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Uber Adds a Tool Showing Traffic Patterns in Cities

The dashboard, called Uber Movement, is available in Manila, Sydney and Washington to start.

Uber Technologies Inc. is hoping to win brownie points with some cities by opening up a small sample of its ridership data. The San Francisco ride-hailing company introduced a traffic dashboard called Uber Movement, saying the tool is designed to help city leaders, urban planners and civic communities.

The project is rolling out with traffic information curated by Uber's data whizzes for three cities: Manila, Sydney and Washington. The company hopes it will cover dozens of cities by mid-February.

"By delivering these insights to cities, we can give back to the community," said Andrew Salzberg, head of transportation policy at Uber.

However, Uber Movement doesn't answer many of the questions officials have been asking. The website doesn't provide details on individual trips, vehicles or passengers. Movement won't enable regulators to figure out, for example, which drivers are illegally taking fares at the airport or working extended shifts. Uber said the data are anonymized on purpose to protect customers' privacy.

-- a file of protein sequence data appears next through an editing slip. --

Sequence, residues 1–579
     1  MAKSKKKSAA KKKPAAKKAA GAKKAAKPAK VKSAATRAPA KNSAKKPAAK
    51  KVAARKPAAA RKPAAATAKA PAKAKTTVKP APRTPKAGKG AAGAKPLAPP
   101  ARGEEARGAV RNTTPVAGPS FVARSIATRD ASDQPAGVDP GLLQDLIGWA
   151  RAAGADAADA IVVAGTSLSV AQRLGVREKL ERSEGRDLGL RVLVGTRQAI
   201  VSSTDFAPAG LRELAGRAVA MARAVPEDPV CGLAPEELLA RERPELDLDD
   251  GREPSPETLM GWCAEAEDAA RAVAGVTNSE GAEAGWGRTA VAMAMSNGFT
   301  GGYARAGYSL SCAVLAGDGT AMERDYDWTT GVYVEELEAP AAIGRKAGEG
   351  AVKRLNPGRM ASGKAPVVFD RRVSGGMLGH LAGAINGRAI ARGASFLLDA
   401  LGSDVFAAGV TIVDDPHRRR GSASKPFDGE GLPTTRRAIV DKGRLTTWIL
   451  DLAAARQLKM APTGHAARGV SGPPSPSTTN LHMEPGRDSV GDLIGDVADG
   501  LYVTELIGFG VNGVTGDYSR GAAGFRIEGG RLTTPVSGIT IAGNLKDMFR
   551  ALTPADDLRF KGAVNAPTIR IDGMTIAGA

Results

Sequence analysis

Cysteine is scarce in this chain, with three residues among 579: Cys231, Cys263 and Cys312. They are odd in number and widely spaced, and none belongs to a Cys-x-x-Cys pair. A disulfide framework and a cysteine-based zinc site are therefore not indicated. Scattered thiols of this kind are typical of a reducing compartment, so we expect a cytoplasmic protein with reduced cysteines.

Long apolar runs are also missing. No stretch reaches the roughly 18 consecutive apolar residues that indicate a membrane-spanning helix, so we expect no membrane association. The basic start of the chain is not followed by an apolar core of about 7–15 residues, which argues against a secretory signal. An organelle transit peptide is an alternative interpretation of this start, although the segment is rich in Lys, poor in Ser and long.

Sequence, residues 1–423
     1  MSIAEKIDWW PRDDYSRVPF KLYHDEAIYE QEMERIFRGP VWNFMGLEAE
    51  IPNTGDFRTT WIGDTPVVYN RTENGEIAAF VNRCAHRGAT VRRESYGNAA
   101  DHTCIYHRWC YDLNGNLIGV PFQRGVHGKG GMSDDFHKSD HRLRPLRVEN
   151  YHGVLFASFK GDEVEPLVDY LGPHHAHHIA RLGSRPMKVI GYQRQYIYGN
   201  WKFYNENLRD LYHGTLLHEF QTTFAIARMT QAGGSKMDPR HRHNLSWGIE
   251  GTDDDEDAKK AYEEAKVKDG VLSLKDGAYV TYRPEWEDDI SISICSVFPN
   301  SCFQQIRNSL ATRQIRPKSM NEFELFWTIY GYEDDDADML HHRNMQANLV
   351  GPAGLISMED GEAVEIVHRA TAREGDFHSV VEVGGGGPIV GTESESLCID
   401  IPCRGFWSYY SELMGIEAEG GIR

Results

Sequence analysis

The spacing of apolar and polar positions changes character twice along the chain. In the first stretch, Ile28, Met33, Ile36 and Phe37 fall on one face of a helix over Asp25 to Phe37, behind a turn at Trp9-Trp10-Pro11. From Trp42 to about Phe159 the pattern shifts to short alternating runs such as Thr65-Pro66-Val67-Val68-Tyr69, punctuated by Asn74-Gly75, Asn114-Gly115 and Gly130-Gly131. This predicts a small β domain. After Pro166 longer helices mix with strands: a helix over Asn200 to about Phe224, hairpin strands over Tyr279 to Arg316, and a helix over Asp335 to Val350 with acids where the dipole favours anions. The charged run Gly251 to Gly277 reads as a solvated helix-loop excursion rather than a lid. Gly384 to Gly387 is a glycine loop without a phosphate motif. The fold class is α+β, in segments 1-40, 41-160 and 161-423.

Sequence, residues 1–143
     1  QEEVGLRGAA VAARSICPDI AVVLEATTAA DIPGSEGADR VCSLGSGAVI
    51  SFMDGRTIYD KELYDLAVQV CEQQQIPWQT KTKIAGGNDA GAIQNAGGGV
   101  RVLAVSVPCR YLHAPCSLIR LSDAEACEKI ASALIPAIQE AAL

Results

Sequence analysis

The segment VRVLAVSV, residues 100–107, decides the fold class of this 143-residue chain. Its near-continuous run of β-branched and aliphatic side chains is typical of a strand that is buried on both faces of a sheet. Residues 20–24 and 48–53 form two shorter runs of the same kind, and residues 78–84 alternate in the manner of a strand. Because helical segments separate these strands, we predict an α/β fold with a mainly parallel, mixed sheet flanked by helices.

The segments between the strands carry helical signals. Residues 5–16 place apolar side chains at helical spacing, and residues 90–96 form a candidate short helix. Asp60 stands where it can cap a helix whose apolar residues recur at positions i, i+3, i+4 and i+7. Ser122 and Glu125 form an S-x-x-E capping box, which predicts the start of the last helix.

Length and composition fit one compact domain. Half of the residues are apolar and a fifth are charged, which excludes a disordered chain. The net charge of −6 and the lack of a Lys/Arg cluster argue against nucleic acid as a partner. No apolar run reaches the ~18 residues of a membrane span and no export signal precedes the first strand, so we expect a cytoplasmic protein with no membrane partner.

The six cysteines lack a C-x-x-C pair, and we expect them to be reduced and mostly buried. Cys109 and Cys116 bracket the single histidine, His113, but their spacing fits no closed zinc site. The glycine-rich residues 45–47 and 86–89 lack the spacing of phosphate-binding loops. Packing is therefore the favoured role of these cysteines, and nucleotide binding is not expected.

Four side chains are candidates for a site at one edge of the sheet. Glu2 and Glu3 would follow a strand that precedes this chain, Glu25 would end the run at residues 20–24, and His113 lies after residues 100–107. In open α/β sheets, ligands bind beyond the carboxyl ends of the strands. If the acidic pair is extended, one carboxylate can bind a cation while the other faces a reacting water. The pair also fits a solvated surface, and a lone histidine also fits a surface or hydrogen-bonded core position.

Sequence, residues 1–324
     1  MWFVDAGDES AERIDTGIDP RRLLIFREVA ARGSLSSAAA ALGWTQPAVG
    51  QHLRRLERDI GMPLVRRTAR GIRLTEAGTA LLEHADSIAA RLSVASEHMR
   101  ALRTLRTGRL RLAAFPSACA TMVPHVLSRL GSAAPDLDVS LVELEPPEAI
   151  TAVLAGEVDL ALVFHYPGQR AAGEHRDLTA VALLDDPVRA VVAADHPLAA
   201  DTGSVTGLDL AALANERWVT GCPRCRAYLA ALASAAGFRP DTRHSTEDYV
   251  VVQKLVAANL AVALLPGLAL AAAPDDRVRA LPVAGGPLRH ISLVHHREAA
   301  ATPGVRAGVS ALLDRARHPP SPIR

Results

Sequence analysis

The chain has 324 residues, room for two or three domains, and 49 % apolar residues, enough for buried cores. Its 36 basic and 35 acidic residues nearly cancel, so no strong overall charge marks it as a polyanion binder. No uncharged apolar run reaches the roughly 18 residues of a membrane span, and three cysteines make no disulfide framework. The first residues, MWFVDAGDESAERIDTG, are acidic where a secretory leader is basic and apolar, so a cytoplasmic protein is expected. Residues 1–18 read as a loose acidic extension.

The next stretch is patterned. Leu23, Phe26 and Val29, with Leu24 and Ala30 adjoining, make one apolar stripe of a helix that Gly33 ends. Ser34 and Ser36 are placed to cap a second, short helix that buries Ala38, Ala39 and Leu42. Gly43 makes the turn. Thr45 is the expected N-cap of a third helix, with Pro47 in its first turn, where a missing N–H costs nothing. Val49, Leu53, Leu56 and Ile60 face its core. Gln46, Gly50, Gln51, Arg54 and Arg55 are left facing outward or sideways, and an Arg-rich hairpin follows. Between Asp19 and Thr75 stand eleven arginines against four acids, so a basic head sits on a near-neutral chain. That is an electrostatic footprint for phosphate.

New York City's transportation regulator wants access to more granular data, which could let it analyze driver fatigue or illegal activity. The city held a public hearing on the matter last week. Uber and Lyft Inc. have resisted providing information on when and where passengers are dropped off, and they oppose proposed rules that would require them to do so.

Several of Uber's international competitors took steps last month to make more of their data public. Easy Taxi, Grab and Le Taxi, which together cover more than 30 countries, are working with the World Bank to publish traffic information from their drivers as part of the Open Transport Partnership. It follows a project the World Bank launched last April compiling GPS coordinates from more than 500,000 Grab drivers in the Philippines to monitor traffic in the country.

Uber is positioning Movement as its version of Google Trends, which lets anyone analyze what the population is searching for online. Instead of providing street-level information, Uber Movement breaks each city into zones and shows the travel time between those sectors during various times of day.

City planners could use the dashboard to compare traffic at different times of the year or in certain parts of the city during events, showing, for instance, how a concert venue affects gridlock. "We fully intend to build this out over time," said Jordan Gilbertson, product manager for Movement.

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